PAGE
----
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Connecticut Economic Digest: September 2006 issue
Connecticut's Housing Market Remains Healthy | Occupation profile: Real estate brokers and sales agents

Connecticut's Housing Market Remains Healthy
By Kolie Sun, Senior Research Analyst, DECD

Relatively low mortgage rates, a growing population, new household formations, and the desire to upgrade current homes created strong demand within Connecticut's housing market in 2005.

Can the pace of housing construction be sustained? Will home prices rise? This article, by examining housing market performance in 2005, will attempt to provide some answers to these questions.

Housing Contribution to the Economy

The housing sector, through private investment and consumption spending on housing services, has been a vital part of both the national and state economies during the last few years. According to statistics published by the National Association of Home Builders (NAHB), the total value of housing activities contributed nearly 16 percent to the U.S. economy (measured by Gross Domestic Product, GDP) in 2002, the latest year for which estimates are available. Connecticut's housing share accounted for more than 15 percent of Gross State Product (GSP), just as significant as the finance and insurance industry.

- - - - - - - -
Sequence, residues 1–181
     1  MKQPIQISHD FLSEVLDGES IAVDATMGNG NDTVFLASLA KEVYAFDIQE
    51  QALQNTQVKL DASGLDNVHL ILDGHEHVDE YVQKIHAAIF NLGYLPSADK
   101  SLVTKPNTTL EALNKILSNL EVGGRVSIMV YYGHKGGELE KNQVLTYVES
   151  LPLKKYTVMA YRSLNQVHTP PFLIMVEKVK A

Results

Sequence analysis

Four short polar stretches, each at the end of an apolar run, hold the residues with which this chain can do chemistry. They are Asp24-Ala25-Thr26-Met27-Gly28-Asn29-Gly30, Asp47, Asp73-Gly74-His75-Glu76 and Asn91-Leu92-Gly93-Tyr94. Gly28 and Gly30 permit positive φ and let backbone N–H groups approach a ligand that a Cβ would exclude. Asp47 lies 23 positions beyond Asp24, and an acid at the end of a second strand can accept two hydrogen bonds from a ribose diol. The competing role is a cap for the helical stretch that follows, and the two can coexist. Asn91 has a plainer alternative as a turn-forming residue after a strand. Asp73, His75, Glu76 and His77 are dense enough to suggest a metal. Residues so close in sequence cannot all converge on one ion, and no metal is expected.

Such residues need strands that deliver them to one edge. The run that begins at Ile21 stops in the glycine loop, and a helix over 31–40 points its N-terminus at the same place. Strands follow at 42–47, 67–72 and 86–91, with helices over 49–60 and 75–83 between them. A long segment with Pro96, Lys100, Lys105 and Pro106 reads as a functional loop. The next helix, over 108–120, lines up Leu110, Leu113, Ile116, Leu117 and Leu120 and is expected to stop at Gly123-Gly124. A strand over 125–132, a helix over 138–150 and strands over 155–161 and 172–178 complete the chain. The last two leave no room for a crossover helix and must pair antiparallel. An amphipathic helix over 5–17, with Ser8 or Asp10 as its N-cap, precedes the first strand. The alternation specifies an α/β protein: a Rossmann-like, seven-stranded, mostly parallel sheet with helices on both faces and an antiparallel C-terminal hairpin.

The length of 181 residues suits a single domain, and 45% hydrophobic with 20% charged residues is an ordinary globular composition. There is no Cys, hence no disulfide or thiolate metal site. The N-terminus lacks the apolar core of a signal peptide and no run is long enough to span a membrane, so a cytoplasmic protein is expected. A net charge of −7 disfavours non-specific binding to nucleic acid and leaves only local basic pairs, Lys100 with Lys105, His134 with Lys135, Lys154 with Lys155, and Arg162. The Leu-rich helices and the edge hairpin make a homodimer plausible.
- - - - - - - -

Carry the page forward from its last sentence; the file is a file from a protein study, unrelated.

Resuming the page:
NAHB has calculated residential construction jobs and wages for each state. In 2003, Connecticut employed 25,900 residential construction workers. This total accounts for 1.6 percent of all jobs in the State, with average annual pay at $41,100 per worker. In comparison to other states, Connecticut ranked 32nd in total residential construction jobs, 45th in the industry's share of all jobs, and 5th in average wages in the industry.

Housing Production, Demolition, Inventory

In 2005, the State authorized 11,885 new housing units according to the Bureau of the Census. As the chart on the front page shows, the level of production achieved in 2005 represents the highest total since 1989. Danbury led all municipalities with 598 units authorized in 2005, followed by Shelton with 474 units and Hartford with 353 units.

At the county level, Fairfield County authorized the most units (3,119), and experienced the largest percentage increase (25 percent) from a year earlier. Hartford County authorized the second largest number of units (2,487), a 4.1 percent gain compared to 2004.